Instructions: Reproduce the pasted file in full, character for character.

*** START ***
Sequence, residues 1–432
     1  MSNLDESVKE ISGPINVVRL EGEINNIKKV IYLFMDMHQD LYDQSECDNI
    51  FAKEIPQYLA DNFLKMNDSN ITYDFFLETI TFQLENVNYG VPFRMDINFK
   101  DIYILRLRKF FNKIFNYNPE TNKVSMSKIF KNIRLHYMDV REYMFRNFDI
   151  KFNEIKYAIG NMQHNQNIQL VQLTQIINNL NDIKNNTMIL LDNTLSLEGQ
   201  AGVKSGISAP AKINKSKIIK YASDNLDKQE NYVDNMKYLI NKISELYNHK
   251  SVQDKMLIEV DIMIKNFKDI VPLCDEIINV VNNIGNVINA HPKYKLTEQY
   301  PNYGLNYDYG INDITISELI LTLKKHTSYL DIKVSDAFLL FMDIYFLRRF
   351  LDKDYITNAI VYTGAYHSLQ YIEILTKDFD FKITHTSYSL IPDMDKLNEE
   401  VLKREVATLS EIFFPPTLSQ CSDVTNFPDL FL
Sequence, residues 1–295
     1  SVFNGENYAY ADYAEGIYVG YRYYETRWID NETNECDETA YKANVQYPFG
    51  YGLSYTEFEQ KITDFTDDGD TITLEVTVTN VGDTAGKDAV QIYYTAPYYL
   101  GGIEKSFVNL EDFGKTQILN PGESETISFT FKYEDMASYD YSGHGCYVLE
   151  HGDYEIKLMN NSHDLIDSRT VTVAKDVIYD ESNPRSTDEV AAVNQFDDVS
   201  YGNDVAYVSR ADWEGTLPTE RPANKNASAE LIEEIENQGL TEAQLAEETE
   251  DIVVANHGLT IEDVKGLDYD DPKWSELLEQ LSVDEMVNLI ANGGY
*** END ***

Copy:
Sequence, residues 1–432
     1  MSNLDESVKE ISGPINVVRL EGEINNIKKV IYLFMDMHQD LYDQSECDNI
    51  FAKEIPQYLA DNFLKMNDSN ITYDFFLETI TFQLENVNYG VPFRMDINFK
   101  DIYILRLRKF FNKIFNYNPE TNKVSMSKIF KNIRLHYMDV REYMFRNFDI
   151  KFNEIKYAIG NMQHNQNIQL VQLTQIINNL NDIKNNTMIL LDNTLSLEGQ
   201  AGVKSGISAP AKINKSKIIK YASDNLDKQE NYVDNMKYLI NKISELYNHK
   251  SVQDKMLIEV DIMIKNFKDI VPLCDEIINV VNNIGNVINA HPKYKLTEQY
   301  PNYGLNYDYG INDITISELI LTLKKHTSYL DIKVSDAFLL FMDIYFLRRF
   351  LDKDYITNAI VYTGAYHSLQ YIEILTKDFD FKITHTSYSL IPDMDKLNEE
   401  VLKREVATLS EIFFPPTLSQ CSDVTNFPDL FL
Sequence, residues 1–295
     1  SVFNGENYAY ADYAEGIYVG YRYYETRWID NETNECDETA YKANVQYPFG
    51  YGLSYTEFEQ KITDFTDDGD TITLEVTVTN VGDTAGKDAV QIYYTAPYYL
   101  GGIEKSFVNL EDFGKTQILN PGESETISFT FKYEDMASYD YSGHGCYVLE
   151  HGDYEIKLMN NSHDLIDSRT VTVAKDVIYD ESNPRSTDEV AAVNQFDDVS
   201  YGNDVAYVSR ADWEGTLPTE RPANKNASAE LIEEIENQGL TEAQLAEETE
   251  DIVVANHGLT IEDVKGLDYD DPKWSELLEQ LSVDEMVNLI ANGGY